Today physicists at King's are developing new ways to study the molecular processes in biological cells which cause cancer and other diseases, working to understand how the focus between the individual atoms and molecules on the nanoscale shape our macroscopic world, and continuing Maxwell's work in the unification of physics.
Gain experience of research in the rapidly developing interdisciplinary areas of biophotonics, nanomaterials and nanophotonics, X-ray physics and computational modelling. Consists of taught components plus a research project. Ideal preparation for a higher physics degree or careers in scientific research or the financial sector.
Major research topics are Optical Properties of Mesoscopic Particles; Fabrication and Characterization of Novel Carbonaceous Nano-Materials; Surface Plasmon and Near-Field Optics; and Optical Waveguides and Other Photonic Devices
The group uses polymeric templating, electrospinning, nanomaterials synthetic techniques to explore novel and versatile synthesis routes for producing multi-dimensional nanostructures and various metallic, metal-oxide nanomaterials and nanoinks optimized for applications to energy, environment, and nanoelectronics.
Research areas in Haeshin Lee's group are dealing with Design and synthesis functional biomaterials and inspired by mussels and geckos; Development of nano-carriers for a variety of pharmaceuticals; Development of new surface chemistry for material-independent surface modifications; Self-assembly of peptides and proteins; Protein folding in solutions; and development of new gecko-mimetic adhesives.
The Master's Programme in Nanotechnology provides a solid background in solid state physics, semiconductor devices, materials science and design, microelectronics, materials chemistry and an introduction to biotechnology. It offers a broad range of fundamental courses, e.g., quantum mechanics and solid state physics, but the programme is also experimentally oriented and provides several laboratory exercises as well as practical experience from advanced research tools for materials and device characterization.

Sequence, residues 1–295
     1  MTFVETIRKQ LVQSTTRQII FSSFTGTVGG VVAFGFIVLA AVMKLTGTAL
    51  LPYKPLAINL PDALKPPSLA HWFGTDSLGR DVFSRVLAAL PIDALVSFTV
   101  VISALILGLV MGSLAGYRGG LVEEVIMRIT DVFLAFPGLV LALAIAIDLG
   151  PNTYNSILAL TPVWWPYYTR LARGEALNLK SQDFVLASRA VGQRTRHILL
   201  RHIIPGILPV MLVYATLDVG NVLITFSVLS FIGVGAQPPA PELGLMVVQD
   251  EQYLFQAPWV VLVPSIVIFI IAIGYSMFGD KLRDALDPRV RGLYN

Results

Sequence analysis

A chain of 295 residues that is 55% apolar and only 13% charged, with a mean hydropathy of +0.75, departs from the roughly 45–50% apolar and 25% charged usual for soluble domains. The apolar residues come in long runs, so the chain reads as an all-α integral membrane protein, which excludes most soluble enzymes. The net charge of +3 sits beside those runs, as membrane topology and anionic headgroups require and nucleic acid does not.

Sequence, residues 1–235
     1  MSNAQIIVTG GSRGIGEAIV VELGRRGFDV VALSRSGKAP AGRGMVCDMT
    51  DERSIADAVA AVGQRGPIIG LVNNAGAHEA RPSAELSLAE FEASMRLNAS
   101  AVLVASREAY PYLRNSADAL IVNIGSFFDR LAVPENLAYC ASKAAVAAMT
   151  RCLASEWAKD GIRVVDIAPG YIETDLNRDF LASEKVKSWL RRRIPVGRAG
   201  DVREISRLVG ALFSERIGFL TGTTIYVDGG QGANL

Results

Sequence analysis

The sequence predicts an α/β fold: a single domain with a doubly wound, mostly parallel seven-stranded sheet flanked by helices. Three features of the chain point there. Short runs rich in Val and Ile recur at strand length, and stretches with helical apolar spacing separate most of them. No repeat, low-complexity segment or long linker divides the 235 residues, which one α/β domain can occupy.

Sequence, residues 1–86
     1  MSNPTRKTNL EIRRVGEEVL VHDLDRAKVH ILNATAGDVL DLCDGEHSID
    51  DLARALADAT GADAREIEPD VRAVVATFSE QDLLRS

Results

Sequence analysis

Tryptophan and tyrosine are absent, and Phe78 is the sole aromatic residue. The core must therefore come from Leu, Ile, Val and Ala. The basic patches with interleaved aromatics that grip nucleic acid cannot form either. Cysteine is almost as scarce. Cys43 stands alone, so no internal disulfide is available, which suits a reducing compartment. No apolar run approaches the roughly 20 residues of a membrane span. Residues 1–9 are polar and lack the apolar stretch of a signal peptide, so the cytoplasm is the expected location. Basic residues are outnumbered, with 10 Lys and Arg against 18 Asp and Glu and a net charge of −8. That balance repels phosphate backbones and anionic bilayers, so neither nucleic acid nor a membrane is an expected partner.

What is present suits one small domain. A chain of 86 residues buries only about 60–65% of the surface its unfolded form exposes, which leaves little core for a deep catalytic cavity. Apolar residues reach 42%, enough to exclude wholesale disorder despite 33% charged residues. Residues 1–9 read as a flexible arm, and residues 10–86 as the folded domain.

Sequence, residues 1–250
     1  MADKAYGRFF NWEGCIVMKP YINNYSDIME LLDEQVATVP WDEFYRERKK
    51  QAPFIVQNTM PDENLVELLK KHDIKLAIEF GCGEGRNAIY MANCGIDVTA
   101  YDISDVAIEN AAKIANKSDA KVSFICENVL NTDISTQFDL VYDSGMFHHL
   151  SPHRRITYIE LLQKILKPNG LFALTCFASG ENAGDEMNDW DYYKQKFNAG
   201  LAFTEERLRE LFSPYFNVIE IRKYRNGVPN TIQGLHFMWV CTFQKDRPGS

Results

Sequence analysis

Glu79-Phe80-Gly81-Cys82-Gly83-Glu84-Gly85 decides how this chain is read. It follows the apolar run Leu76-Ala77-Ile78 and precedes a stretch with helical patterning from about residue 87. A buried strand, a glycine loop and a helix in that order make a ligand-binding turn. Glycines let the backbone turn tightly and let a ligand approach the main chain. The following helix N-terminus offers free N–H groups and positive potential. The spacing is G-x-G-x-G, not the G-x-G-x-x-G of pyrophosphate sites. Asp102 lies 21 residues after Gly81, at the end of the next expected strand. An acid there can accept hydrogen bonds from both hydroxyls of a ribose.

Materials science has traditionally been an important research area at KTH with strong ties to the Swedish industry. In addition to the internationally highly competitive research in traditional materials, KTH has strong research in nanoscience and nanotechnology, which is used to study and tailor material structures.
The lab tries to construct and establish a new concept of semiconductor materials research, that is, semiconductor exciton photonics. Research includes growth techniques for low dimensional or nano-scale structures by atomic-scale controlling of surfaces and interfaces together with excitonic and photonic properties.
Research in the group involves searching for new optoelectrical phenomenons in atomic structures, which result from new quantum phenomenons as well as the co-existence of light and electrons. Design of new optoelectronics devices.